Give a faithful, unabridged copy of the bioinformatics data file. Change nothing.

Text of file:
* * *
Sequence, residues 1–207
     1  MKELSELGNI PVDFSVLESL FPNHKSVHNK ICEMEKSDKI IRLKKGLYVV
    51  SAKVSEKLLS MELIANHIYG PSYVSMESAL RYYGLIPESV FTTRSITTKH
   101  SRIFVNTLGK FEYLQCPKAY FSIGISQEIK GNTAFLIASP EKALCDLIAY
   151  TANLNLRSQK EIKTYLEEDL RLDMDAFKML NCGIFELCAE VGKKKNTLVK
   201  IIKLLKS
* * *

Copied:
Sequence, residues 1–207
     1  MKELSELGNI PVDFSVLESL FPNHKSVHNK ICEMEKSDKI IRLKKGLYVV
    51  SAKVSEKLLS MELIANHIYG PSYVSMESAL RYYGLIPESV FTTRSITTKH
   101  SRIFVNTLGK FEYLQCPKAY FSIGISQEIK GNTAFLIASP EKALCDLIAY
   151  TANLNLRSQK EIKTYLEEDL RLDMDAFKML NCGIFELCAE VGKKKNTLVK
   201  IIKLLKS